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Harris

How much should I markup on governent purchase order rfqs

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Hello:

I have recently been certified as a Hubzone business in the state of Virginia (in the DC Metro area). We specialize in IT services and support. I have been recently bidding on purchase orders for licensing software and computer hardware equipment, however I had a few questions, since I have not been awarded any so far:

What is a good markup percentage? I have heard 10%-20% is good.

Will my Hubzone 10% price preference be considered?

Does the government accept quotes that are on a template my company uses? Or does every bid have to be submitted with the SF-1449 form?

How long does the awarding process take? 

How are you notified that you have won the bid?

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5 hours ago, Harris said:

Hello:

I have recently been certified as a Hubzone business in the state of Virginia (in the DC Metro area). We specialize in IT services and support. I have been recently bidding on purchase orders for licensing software and computer hardware equipment, however I had a few questions, since I have not been awarded any so far:

What is a good markup percentage? I have heard 10%-20% is good.

Will my Hubzone 10% price preference be considered?

Does the government accept quotes that are on a template my company uses? Or does every bid have to be submitted with the SF-1449 form?

How long does the awarding process take? 

How are you notified that you have won the bid?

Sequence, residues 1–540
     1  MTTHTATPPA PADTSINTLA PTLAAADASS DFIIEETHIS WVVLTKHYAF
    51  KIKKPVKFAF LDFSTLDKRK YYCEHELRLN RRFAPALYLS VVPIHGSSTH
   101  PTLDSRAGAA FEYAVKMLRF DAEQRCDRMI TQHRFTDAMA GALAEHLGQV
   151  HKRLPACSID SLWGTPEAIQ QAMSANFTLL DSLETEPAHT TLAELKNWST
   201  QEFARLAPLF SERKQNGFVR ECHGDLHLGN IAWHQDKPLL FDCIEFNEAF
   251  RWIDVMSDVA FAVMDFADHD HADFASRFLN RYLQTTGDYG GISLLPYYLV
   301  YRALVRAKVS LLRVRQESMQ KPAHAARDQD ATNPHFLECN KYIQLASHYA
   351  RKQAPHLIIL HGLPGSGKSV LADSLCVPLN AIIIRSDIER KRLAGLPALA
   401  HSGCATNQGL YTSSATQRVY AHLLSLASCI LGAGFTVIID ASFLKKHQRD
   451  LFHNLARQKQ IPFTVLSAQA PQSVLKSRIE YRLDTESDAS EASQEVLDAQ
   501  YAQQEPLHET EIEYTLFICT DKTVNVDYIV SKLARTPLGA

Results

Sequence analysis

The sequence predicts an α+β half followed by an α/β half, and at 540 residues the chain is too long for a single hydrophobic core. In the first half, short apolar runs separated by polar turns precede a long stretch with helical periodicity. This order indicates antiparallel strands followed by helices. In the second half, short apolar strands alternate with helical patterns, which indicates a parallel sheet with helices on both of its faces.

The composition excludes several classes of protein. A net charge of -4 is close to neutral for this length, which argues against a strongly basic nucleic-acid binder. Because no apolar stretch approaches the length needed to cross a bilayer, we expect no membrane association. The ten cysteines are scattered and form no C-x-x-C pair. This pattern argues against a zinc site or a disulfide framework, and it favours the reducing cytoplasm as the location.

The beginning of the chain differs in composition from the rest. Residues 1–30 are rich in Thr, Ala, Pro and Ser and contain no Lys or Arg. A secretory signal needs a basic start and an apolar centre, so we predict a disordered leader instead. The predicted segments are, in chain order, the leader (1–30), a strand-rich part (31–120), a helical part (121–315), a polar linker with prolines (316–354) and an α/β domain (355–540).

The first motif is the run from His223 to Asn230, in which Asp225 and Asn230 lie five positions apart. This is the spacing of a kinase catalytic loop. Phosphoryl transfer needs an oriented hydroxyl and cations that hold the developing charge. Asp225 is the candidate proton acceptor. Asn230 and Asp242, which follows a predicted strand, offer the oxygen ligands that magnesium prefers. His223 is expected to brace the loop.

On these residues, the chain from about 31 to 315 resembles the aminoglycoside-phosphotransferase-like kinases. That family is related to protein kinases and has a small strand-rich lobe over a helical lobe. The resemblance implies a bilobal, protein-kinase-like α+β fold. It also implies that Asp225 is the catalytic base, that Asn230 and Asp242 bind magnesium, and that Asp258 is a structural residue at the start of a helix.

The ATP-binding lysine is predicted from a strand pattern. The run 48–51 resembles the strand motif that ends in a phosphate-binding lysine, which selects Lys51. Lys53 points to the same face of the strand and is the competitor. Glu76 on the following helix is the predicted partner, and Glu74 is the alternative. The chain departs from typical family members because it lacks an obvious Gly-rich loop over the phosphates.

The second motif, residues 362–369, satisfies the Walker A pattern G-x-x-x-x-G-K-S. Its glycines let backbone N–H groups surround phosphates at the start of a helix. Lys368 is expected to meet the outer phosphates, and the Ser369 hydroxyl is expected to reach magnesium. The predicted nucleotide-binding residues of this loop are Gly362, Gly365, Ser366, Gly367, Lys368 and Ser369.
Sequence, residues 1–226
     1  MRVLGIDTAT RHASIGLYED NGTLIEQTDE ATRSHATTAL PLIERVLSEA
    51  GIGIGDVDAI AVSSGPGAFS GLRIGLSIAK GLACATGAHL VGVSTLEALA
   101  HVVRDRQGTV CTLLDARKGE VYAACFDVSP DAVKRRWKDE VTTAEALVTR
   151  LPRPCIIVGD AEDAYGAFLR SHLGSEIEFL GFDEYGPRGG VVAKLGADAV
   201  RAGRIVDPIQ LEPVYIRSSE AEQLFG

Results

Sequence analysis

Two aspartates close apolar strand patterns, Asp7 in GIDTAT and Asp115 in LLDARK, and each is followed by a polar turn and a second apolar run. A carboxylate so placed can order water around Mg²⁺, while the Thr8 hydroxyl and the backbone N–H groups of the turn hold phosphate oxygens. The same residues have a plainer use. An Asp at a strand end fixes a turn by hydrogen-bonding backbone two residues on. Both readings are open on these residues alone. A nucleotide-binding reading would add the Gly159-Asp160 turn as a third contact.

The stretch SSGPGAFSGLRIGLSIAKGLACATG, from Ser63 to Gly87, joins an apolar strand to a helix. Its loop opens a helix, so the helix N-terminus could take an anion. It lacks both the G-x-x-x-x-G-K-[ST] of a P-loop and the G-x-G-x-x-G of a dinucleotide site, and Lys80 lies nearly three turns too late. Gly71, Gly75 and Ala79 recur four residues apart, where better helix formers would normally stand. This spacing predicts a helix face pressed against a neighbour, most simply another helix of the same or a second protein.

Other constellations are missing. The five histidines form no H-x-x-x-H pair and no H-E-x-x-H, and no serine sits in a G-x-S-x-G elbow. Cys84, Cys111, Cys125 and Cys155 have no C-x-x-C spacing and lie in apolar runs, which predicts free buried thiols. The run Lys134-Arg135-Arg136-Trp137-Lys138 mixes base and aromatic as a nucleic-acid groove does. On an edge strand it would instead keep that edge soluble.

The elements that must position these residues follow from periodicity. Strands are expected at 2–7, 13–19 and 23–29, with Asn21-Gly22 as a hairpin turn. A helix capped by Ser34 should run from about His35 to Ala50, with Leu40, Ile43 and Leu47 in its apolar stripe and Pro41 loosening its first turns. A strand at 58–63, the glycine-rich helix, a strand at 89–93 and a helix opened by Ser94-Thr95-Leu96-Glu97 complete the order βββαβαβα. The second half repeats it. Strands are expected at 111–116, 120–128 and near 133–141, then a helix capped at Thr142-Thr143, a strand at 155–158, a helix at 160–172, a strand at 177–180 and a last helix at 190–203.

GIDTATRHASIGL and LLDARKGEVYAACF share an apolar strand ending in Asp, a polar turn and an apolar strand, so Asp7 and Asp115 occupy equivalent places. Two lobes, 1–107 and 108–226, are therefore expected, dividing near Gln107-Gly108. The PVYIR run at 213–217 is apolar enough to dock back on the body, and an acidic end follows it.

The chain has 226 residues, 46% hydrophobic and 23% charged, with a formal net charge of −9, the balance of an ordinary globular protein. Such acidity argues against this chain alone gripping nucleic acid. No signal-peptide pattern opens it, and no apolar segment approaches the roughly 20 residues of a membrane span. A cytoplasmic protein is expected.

Congratulations!  Your questions have lots of details behind them.   Here is my best attempt to give the 30,000 foot overview answers.  

Markup?   The simple answer is what the competitive government market will bare.  More detailed - do you have experience in the market place that suggests what competitive markup might be?   What is usual with your company?   Are your accounting processes such that you can support that your markup is reasonable and where you might be able to "give a little" for the sake of winning in a competition?   The government has no specific standard as to what is reasonable for markup but individual agencies and CO's might adopt their own.  To not make it too complicated if competition is based on price alone evaluation by the government is different than if they are doing it based on price/cost and other factors.   Want to get detailed.   Read FAR Part 15 and if several more questions are raised in your own mind consider taking a class on Cost/Pricing of Federal contracts.   The WIFCON home page that carries advertisement from training firms might get you started in the right direction.  An additional thought is that you might consider getting some assistance from your local Procurement Technical Assistance Center (look up "APTAC") on the web they may be able to provide you with training opportunities or even more detailed assistance on this and your other questions as well.  Most of the time it is free assistance.

HUBZone price preference? I suggest a read of FAR 19.13 to understand where the price preference comes into play.   You can find it here - https://www.acquisition.gov/content/part-19-small-business-programs

Your template or the SF-1449?  Most likely the SF-1449 in almost all cases.   An agency can tailor their provisions to mirror the commercial marketplace but I have seen it rarely done where the vendors template completely replaces the SF-1449.   Others may be able to relate other experiences.

Time to award?  Again it depends.  If competition is based on price alone, usually fast, if price and other factors longer.   Magnitude, complexity and other factors  of the need dictates how the agency might decide to evaluate to arrive at an award decision.  Procurement Action Lead Time (PALT) estimates  varies by agency.   Here is an example that might help you understand better - https://dodprocurementtoolbox.com/site-pages/palt

Notified? In writing by letter with awarded contract usually.

I hope this helps you get started on your questions.

 

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